We are frequently told that we should drink more water. Consider too, that skin’s most important task is to prevent the escape of our precious body water – this is our critically important skin permeability barrier. This might lead one to conclude that drinking more water would indeed be good for our skin – just as it is purported to be for the other parts of our body. But at the heart of this lies a misconception about water and how our body handles this precious resource. [Read more…] about Q: Is it true that drinking more water would be good for my skin?
While we strive to reply to queries posted to us, we may not be able to answer all individually. Many of the questions you pose may be of general interest to our readers and will be addressed here.
Ichthyosis is the term used for a family of skin conditions that are characterized by a thickened stratum corneum and/or visible scales covering most or all of the body surface. Most ichthyoses are inherited – yet paradoxically, often people with ichthyosis know of no one else in their families with their condition. This can happen if the genetic change that produces the skin condition began with them – that is, if it was a new mutation. [Read more…] about What Is Ichthyosis?
The best treatment for dry skin may not be a lotion at all. Dry skin is the result of a problem with the stratum corneum and it’s ability to hold water within the tissue. Many times this can be the result of a deficiency in the quantity or types of lipids (fats) that the skin employs to waterproof our bodies. In the past it could be easily said that lotions are mostly water and they would not deliver sufficient quantities of lipid to the skin to improve its waterproofing abilities. These lotions typically felt good when they were initially applied to the skin, but they often had the net effect of drying it out – leaving the skin drier than ever. As the water in the lotion evaporates from the skin surface, it pulls some of the skin’s own water with it. Although lotions tended to be easier to spread over the skin, dermatologists often preferred to recommend products in a cream or ointment base, because these types of emollients would supply more of the moisture trapping lipids.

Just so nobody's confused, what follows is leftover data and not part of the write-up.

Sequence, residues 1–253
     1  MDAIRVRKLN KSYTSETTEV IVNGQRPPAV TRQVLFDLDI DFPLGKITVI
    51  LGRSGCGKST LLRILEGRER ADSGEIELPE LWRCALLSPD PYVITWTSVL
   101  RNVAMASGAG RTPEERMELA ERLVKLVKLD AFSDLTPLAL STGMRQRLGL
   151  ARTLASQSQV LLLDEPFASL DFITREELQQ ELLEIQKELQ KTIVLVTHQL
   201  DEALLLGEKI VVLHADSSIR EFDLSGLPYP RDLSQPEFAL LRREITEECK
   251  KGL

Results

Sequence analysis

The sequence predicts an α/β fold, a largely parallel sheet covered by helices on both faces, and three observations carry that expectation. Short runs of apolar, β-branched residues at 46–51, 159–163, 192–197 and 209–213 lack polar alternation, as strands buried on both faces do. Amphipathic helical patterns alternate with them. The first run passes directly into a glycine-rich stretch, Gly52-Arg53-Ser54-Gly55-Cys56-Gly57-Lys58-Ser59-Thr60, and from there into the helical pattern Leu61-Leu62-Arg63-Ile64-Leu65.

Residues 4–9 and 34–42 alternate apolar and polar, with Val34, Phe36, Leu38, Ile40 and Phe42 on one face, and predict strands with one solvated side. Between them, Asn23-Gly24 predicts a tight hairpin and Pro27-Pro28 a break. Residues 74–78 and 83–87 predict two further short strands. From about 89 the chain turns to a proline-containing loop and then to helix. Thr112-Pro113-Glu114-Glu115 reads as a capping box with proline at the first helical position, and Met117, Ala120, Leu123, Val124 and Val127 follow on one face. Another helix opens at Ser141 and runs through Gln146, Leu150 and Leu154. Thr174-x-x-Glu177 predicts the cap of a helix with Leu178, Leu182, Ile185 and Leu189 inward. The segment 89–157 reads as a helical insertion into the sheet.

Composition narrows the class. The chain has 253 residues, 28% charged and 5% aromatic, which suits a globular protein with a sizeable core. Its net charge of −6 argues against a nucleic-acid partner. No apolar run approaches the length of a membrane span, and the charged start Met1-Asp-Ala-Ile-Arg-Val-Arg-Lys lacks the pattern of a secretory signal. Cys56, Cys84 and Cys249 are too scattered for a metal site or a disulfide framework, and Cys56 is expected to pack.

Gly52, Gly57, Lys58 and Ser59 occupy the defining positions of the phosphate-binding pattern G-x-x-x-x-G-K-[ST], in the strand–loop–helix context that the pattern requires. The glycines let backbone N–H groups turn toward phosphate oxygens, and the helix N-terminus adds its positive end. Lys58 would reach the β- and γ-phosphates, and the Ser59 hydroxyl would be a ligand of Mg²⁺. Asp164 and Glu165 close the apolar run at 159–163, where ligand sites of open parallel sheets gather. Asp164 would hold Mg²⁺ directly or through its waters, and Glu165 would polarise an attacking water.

With advances in the technology of formulations, this paradigm has shifted somewhat. Currently, some lotions can be quite lipid-rich and some creams quite watery. In addition to the lipid content of emollients, another consideration is their pH. The optimal pH for skin care products would be in the acid range. Yet most consumers will have little information to guide them in their choice of emollient, either in terms of its water content or its pH. A recent study by Shi and coworkers examined the pH and water content of a number of emollients available in the US. We have summarized this information in our free booklet, Taking Good Care of Your Skin.
Blackheads bear no relationship to your personal hygiene. They result from the oxidation of sebum (the oily material produced by sebaceous glands) and keratinous material (outer skin cells) that fills the dilated pores with exposure to the air. Regular use of a scrub cleanser can help to reduce the size and numbers of blackheads by removing some of the follicular plugs. But more importantly, blackheads are usually an early warning sign of acne. Treatment of acne at this stage – when the pores are plugged and forming blackheads (‘open comedones’) and small flesh-colored bumps (‘closed comedones’) – can prevent the later development of pimples (‘inflammatory papules and pustules’). If you have more than a few blackheads, you probably need to make an appointment with your dermatologist.
‘Lipid’ is the scientific term for fats or oils. Lipids are organic molecules (i.e. carbon-containing molecules derived from living or once living organisms) that are defined by their solubility. They are (relatively) insoluble in water and other ‘polar’ solvents, and soluble in ‘nonpolar’ liquids, such as ether or chloroform. Cholesterol, triglycerides and fatty acids are examples of lipids.